The Health of Denver Zoo’s Baby Giraffe Improves Dramatically

Photo courtesy of Denver Zoo on Facebook.

Back in February, the Denver Zoo rivaled New York’s Animal Adventure Park’s live stream sensation — a pregnant giraffe named April — with its own unexpected bundle of joy: Dobby. 

Dobby — a male reticulated giraffe — came into the world on Tuesday, Feb. 28 a little behind. He was underweight — at 73 pounds — and at five feet tall, smaller than most baby giraffes. The newborn had trouble standing and nursing within the first few hours of his birth, so zoo staff jumped into action to bottle feed him until he was ready to nurse from Kipele, his mother.

Even though the newborn started nursing, blood work showed that he wasn’t able to receive enough infection-fighting proteins within the first day from his mother. Worried about the baby’s health, the Denver Zoo partnered with Cheyenne Mountain Zoo in Colorado Springs to get Dobby a plasma transfusion.

Dobby walks in his enclosure.
Photo courtesy of Denver Zoo on Facebook.

Dobby is now a healthy and active baby giraffe. He weighs more than 173 pounds — 100 pounds more than when he was born — and tops out at around 6′ 2″ — more than a foot taller than at birth. His blood work is now normal and he loves to run outside in the sun. He now spends more time with the zoo’s other giraffes including his father, Dikembe.

“The other giraffes see [Dobby] as a new animal, but for the most part they’re pretty sweet,” said Denver Zoo’s Public Relations Coordinator, Marina Belisle. “They acknowledge that he’s a little bit smaller so they take it a little easier on him.”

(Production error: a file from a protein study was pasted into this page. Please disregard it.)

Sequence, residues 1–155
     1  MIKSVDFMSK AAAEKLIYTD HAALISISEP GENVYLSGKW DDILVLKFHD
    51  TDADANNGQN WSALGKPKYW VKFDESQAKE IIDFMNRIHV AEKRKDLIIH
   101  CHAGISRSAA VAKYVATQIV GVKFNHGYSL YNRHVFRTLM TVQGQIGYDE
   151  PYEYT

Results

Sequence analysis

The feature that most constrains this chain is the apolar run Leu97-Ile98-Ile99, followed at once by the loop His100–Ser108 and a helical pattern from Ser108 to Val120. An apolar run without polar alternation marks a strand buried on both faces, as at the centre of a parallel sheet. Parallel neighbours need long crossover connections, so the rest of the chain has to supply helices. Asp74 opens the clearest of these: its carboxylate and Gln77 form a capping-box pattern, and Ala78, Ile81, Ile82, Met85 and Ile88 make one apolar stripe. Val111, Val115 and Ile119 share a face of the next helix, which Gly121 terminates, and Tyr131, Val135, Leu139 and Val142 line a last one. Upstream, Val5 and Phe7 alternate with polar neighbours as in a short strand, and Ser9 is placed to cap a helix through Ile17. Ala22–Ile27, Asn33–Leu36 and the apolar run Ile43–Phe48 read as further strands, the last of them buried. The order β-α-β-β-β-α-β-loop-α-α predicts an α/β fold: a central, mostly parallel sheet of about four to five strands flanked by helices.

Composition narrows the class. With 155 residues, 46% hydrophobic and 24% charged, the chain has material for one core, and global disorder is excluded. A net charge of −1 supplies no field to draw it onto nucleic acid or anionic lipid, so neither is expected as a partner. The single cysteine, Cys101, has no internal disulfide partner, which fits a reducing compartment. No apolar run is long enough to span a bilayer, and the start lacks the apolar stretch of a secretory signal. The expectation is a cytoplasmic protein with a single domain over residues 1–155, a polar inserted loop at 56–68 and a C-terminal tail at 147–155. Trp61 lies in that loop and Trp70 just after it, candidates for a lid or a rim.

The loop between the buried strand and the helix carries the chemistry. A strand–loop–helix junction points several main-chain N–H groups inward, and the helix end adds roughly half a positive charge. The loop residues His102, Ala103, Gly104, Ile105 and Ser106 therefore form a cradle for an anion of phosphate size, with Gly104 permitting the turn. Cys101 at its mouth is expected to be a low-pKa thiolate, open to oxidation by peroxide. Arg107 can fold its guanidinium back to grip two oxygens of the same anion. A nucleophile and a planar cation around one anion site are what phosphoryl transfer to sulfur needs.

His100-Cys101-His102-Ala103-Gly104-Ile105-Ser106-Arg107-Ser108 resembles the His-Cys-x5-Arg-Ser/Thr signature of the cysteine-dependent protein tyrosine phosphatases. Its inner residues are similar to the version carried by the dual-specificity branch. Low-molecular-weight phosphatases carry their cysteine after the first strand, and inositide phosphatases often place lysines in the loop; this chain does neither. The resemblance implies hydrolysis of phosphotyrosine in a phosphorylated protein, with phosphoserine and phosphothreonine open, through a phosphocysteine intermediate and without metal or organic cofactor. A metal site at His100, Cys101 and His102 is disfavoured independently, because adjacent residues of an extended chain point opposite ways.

Dobby will continue to nurse for around four more months before being weaned, but he now tries the browse and alfalfa available in his exhibit.

So, will Dobby continue to call Denver Zoo home? Will he move to another zoo after he stops nursing? At the moment, the Denver Zoo doesn’t know.

“As of right now, we don’t have anything set,” Belisle said. “We are just enjoying him being here and of course keeping him nursing. That’s a priority to keep Dobby and his mom together.”

Baby giraffe, Dobby, and his mother, Kipele.
Photo courtesy of Denver Zoo on Facebook.

The Denver Zoo keeps all of its giraffes on birth control, which is why Dobby was such a surprise. Zoo staff assumed Kipele was pregnant from her bloating belly and enlarged udders, but found it difficult to conduct an ultrasound. Kipele eventually let the keepers who work with her daily use an ultrasound while veterinarians monitored from another room. A giraffe’s gestation period is around 15 months.

“We are just super excited. This was a surprise, but of course, an amazing surprise. There are new births all the time at the zoo so we encourage everyone to frequently check back and see what new animal we have. We have over 4,000 animals at the zoo so we always have a new one coming along,” Belisle said.

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